Meeting Dan Cassidy

After all my stumbling around in the dark trying to gain information it’s nothing less than a breakthrough when Dan Cassidy writes, completely of the blue, that he would like to meet me. We find a suitable date: 23rd November 2009. That day I catch the 5pm Fyra train to Schiphol for a journey of less than 25 minutes. The weather is terrible, the rain is gushing against the windows in the hard wind. In Cumbria (UK) people are suffering from severe flooding according to BBC Breakfast that morning. The infrastructure there is not designed for radical climate change.

I had sent Dan my mobile phone number, but I hadn’t gotten his number. Thanks to the new high-speed track everything runs smoothly and the train enters the underground station of the airport at the right time. Dan’s arrival is scheduled at 6.10pm, but to my surprise and to my alarm the displays show that the flight from Manchester is expected to arrive 30 minutes sooner. The hard wind seems to be advantageous for flight traffic. The boards indicate that passengers will be arriving at terminal 4. Another sign tells me that terminal 3 can be used as well. Passengers trickle in from both exits, most of them businessmen. When I check the time on my phone I notice a message from an unknown sender. That must be him. ‘Hi Johan. Am at arrivals 3. Am in black coat carrying white bag. Thanks.’

I work my way around a large group of passengers, focussing on black coats and white bags. A man fully dressed in black carries a very nondescript plastic bag. We shake hands and I slap him on his back. The first thing that strikes me is how deliberately Eva’s brother talks and how American his accent still is. His flight was ‘very bumpy’ he tells me. We pass a Starbucks and I ask Dan whether he would like a cup of coffee. ‘Can I have a regular?’ Dan asks. He might be an American but he is free of pretence. Fine by me; Starbucks’ extensive menu always makes me uneasy as well. We sit down at a table and Dan explains that in Iceland most of the time he plays as a sideman in groups that musically are not really up his street. In the UK he has two bands: a swing quartet as well as a folk duo he has formed with singer-guitarist James Hickman. He owns an apartment in Shrewsbury, not far from the Welsh border. As an American it took him some time to get used to the British manners; they are easily shocked or even insulted without you realising it. Occasionally, he plays in America, but the audience for his music is more limited there. He has performed twice in the Netherlands: in Tilburg and in Beekse Bergen.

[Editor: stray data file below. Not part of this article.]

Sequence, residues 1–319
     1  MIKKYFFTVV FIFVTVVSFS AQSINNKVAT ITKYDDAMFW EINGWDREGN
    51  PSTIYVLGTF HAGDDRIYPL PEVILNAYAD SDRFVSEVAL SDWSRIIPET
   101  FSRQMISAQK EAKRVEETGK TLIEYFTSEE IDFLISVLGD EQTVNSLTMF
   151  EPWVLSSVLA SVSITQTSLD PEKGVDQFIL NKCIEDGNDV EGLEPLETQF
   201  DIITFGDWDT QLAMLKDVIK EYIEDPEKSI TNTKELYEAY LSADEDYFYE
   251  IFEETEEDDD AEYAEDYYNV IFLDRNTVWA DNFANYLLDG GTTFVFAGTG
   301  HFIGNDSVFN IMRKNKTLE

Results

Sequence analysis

In the train to Rotterdam I notice that Dan combines modesty with stubbornness. He talks quietly but firmly and he doesn’t let me interrupt very easily. It reminds me of Eva as I have gotten to know her. She was shy but at the same time she knew exactly what she wanted. Dan’s light blue eyes are exactly the same colour as Eva’s. He looks you straight in the eye, without shying away, but he also keeps something to himself. He is a bit reserved and that must be the reason that he feels at home in that country in the far north:Iceland, a country whose residents are known for their reticence. He would like to play more often on the continent, though.

Meanwhile, the Fyra has arrived in Rotterdam and we walk the last part of the journey, from the station to my home. Dan asks me straightforwardly, ‘Would you publish things in your book that I wouldn’t like to see?’ Considering his candidness in sharing with me the dilemmas concerning the aftermath of Eva’s death I simply cannot imagine that any differences in opinions will arise between us. ‘When did you last talk to my parents?’ he asks. ‘Right up until Elana Byrd entered the stage,’ I answer truthfully. ‘It is important that you meet them,’ Dan states. ’You must talk to my mother. Write her a letter!’

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Dan Cassidy